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How Walking Benefits Seniors

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A senior couple out for a walk with their dog.

As a person ages, they don’t suddenly need no exercise. The opposite is true; their activity needs simply change. Physical activity is still an essential part of maintaining a good quality of life. A senior doesn’t need (and often can’t handle) the same type of activity they could when they were younger. So, creative solutions are sometimes required, depending on the situation

Because it is low impact and offers several different physical and mental health benefits, walking is often a highly recommended senior activity. Part of choosing an independent living community to be a part of is ensuring that the community offers services that align with your desire to stay physically active as you age.

Benefits of Walking for Seniors

There are many physical and mental health benefits to going for a walk for anyone, regardless of age. But let’s look at some specific ways that walking improves a senior’s life.

Stabilizes Blood Sugar Levels

As we age, we become more susceptible to blood sugar fluctuations, especially if care hasn’t been taken earlier in life regarding sugar intake. However, going for a walk that gets your heart pumping harder causes your muscles to work and use more glucose. In turn, this causes your blood sugar to stabilize normally.

Improved Heart Function

Exercise alone isn’t a surefire way to prevent heart disease or complications. However, it’s a major contributor to better overall heart health. According to the heart foundation, going for daily walks will decrease your chances of heart issues like disease or stroke by 35%.

Pain Relief

It’s not a secret that aging typically comes with extra aches and joint pains that you didn’t think were possible. But a light activity like walking keeps your joints limber. It also helps minimize inflammation—which is a significant cause of joint pain. This, coupled with a healthy diet, can help reduce unnecessary pain.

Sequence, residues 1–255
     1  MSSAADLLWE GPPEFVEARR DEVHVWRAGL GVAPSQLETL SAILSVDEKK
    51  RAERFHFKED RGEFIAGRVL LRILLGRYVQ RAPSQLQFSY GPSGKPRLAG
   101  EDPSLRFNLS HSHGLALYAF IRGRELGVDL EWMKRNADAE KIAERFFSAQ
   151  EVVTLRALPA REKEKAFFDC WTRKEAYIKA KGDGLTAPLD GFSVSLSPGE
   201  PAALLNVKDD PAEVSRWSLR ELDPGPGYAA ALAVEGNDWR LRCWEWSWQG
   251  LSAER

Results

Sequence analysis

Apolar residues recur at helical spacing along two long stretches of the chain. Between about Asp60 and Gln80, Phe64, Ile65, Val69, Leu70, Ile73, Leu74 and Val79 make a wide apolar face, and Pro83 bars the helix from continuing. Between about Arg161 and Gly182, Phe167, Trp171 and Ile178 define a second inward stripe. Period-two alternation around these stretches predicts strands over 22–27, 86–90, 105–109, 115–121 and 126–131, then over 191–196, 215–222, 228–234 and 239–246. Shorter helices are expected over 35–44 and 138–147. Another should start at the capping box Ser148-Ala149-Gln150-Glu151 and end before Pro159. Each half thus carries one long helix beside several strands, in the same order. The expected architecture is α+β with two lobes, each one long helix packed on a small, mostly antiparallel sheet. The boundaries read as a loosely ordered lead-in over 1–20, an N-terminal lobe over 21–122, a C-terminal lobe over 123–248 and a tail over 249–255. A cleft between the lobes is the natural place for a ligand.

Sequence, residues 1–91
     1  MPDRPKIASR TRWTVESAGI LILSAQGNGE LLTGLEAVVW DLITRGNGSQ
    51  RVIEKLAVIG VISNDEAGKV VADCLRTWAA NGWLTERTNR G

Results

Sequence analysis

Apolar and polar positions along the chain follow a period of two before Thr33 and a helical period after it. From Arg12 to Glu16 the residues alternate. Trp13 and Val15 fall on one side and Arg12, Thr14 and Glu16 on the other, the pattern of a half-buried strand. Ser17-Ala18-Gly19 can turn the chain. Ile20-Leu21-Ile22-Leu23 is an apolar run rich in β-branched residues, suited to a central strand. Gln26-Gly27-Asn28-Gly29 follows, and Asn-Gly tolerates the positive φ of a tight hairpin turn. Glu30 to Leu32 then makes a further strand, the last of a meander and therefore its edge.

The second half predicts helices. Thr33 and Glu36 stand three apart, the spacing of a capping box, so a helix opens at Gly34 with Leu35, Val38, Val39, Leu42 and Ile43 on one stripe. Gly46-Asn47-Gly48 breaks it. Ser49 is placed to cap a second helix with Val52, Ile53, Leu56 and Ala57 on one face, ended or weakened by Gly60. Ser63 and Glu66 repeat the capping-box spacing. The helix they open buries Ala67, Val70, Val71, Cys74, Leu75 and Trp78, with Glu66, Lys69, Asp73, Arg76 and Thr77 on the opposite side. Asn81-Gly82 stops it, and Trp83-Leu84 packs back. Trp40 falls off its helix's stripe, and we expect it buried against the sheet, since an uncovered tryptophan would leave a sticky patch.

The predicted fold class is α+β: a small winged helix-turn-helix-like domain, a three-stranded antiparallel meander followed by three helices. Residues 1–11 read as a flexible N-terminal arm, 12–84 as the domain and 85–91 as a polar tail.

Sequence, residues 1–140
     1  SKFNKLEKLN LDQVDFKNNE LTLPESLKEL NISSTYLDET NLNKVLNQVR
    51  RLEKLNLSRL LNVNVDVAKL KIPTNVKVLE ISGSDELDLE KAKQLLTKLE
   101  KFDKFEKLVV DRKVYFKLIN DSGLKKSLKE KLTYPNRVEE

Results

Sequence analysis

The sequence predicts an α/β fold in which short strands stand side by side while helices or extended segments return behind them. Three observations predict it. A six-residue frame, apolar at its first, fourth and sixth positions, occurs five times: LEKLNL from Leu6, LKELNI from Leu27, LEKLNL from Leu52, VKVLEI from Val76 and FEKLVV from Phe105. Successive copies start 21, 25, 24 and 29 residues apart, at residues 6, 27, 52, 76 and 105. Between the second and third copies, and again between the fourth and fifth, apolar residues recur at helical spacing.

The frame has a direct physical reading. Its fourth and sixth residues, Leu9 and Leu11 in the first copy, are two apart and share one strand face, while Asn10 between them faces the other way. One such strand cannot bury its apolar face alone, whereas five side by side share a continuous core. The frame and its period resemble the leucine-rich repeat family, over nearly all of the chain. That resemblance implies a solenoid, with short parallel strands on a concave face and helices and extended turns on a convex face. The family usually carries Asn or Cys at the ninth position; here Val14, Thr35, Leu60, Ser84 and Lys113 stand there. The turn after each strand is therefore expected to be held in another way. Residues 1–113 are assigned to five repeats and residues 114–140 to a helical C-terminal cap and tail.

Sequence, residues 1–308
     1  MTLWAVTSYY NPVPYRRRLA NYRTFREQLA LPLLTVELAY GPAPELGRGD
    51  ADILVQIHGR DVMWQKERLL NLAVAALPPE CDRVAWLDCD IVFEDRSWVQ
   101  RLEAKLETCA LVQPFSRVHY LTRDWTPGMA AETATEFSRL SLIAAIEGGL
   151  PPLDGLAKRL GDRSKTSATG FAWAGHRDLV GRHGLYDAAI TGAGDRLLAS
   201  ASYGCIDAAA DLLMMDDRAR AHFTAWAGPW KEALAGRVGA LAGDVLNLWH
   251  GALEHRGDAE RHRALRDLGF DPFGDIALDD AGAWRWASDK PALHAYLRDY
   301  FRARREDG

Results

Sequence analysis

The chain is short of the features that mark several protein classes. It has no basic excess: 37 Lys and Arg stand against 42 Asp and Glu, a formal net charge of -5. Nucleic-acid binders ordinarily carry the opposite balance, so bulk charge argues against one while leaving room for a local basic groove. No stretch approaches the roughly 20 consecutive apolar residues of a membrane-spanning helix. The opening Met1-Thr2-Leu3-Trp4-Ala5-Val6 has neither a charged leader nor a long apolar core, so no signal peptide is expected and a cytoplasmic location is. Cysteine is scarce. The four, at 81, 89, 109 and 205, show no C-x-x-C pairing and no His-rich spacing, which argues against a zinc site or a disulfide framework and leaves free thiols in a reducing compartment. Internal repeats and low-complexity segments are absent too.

You could get a gym membership, or many communities have spas and exercise rooms available for residents to use for no additional charge. But if this isn’t the case, walking provides an easy way for seniors to stay active for no extra cost.

Improved Mental Health

All benefits discussed above address physical health in a senior. However, there are some great mental health benefits to regular walks. Going for walks can have a noticeable effect on someone’s depression or anxiety, especially if they can take a walk in a green space or forest.

Additionally, for many seniors, walking is a great social activity. Not only will it be a time of improving physical health, but mental health will improve as aging adults can foster relationships with each other. This is especially beneficial if someone is already struggling with feeling lonely and isolated.

A woman out for a walk with her elderly mother.

How Much Should a Senior be Walking?

There’s no one-size-fits-all answer for how much a senior should be exercising. According to the CDC, individuals over 65 should get a minimum of 150 minutes of moderate-intensity exercise weekly. This includes things like a brisk, 30-minute walk 5 days a week.

Additionally, a senior can do 75 minutes of heavier-intensity exercises, such as jogging, running, or hiking. However, this may not be possible in some cases.

Talk to Your Doctor

Before committing to an exercise or walking schedule, discussing it with your doctor is a good idea. They will offer advice on how much you should push yourself weekly.

By looking at your particular health situation, the doctor can work with you and develop a plan that maximizes the health benefits and minimizes the risk of injury.

Signs You May be Walking too Much

Even though it’s healthy, walking or exercising too much is still possible. Once this happens, the benefit versus risk is not balanced anymore, and there is a risk of a preventable injury.

Here are a few signs a senior may be getting too much exercise:

  • Pain—in many cases, some discomfort is normal, but it should be minor and temporary.
  • Chest pain or trouble breathing
  • Dizziness
  • Sores such as blisters that won’t heal

Suppose you begin experiencing any of these things while exercising. In that case, you should stop the exercise and see a doctor before continuing.

How the Lodge at Truitt Homestead Encourages Healthy Living

Choosing an assisted or independent living community is a decision that shouldn’t be taken lightly. You must find a place to call home that contributes to your mental, physical, and spiritual health.

The Lodge at Truitt Homestead is committed to providing a community that caters to its resident’s needs. The health and wellness of the community’s members are our primary focus. If you’re considering calling The Lodge home, give us a call. Our helpful staff is happy to answer all your questions and book you a tour, so you can see everything the community offers with your own eyes.

Written by The Lodge at Truitt Homestead

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